Why is Nokia Camera losing users’ photos?

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Nokia loves making a smartphone that can take a great picture, and the company’s fans love it for delivering model after model with the hardware that’s ready do just that. With digital photography such a key part of Nokia’s wheelhouse, we’re a little surprised to learn about a pretty annoying bug affecting the company’s software, as Nokia Camera users have been complaining about the app losing their photos.

The issue occurs after opening a photo from the camera roll with Nokia Camera, and then attempting to reframe the shot. If you use the back button to switch apps, returning to Nokia Camera and then hitting “save,” you’ll end up with the oh-so-helpful error message “something went wrong.” What’s “wrong” is that the photo you were trying to crop appears to have just been deleted from your phone.

We say “appears” because the issue may just be that the phone can no longer see the pic – we’ve heard reports from users who have found success by connecting their phones to a PC, where they discover their photos are indeed intact. Then it’s a matter of transferring them over to the computer and back to the phone before they’ll appear again in the camera roll. Then again, this isn’t an exact science, and sometimes the pics really do seem to be gone for good.

At best, that PC work-around’s far from graceful, and doesn’t do users much good when they’ve just got only their phones on them. Here’s hoping that Nokia’s prompt with a fix.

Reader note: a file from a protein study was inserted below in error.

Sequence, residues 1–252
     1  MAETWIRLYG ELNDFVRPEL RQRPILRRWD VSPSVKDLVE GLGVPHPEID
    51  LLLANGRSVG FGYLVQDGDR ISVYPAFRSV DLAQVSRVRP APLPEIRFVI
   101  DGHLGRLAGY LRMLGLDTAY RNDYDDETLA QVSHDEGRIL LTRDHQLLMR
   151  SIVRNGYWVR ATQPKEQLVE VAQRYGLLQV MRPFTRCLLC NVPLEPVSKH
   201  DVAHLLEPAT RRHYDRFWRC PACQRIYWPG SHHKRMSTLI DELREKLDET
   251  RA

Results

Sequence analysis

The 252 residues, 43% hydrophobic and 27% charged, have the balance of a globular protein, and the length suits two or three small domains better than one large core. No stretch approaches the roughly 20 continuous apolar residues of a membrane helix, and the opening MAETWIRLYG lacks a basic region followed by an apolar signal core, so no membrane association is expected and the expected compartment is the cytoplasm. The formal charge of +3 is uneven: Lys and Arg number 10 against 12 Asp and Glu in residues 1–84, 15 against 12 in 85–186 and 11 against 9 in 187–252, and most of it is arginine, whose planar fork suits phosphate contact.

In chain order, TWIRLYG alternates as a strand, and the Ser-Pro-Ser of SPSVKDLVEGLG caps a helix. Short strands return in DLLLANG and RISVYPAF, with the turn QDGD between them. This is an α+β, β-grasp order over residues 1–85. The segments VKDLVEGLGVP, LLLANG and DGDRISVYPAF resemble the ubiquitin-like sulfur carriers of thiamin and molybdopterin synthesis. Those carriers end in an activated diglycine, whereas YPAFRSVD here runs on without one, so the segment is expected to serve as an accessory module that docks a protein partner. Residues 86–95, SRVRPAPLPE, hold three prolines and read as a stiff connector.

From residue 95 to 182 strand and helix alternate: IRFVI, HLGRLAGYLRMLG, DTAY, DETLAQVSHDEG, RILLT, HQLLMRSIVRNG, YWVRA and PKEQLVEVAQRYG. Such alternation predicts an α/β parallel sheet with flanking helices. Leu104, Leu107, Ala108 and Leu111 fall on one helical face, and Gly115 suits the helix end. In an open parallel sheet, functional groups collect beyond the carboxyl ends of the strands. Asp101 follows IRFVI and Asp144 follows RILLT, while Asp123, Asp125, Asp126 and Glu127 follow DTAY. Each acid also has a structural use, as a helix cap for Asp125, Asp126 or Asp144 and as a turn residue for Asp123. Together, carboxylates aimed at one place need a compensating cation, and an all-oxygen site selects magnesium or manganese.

Update: Looks like we can expect a fix with the next Nokia Camera update. (Thanks, David!)

Source: WPCentral

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About The Author
Stephen Schenck
Stephen has been writing about electronics since 2008, which only serves to frustrate him that he waited so long to combine his love of gadgets and his degree in writing. In his spare time, he collects console and arcade game hardware, is a motorcycle enthusiast, and enjoys trapping blue crabs. Stephen's first mobile device was a 624 MHz Dell Axim X30, which he's convinced is still a viable platform. Stephen longs for a market where phones are sold independently of service, and bandwidth is cheap and plentiful; he's not holding his breath. In the meantime, he devours smartphone news and tries to sort out the juicy bitsRead more about Stephen Schenck!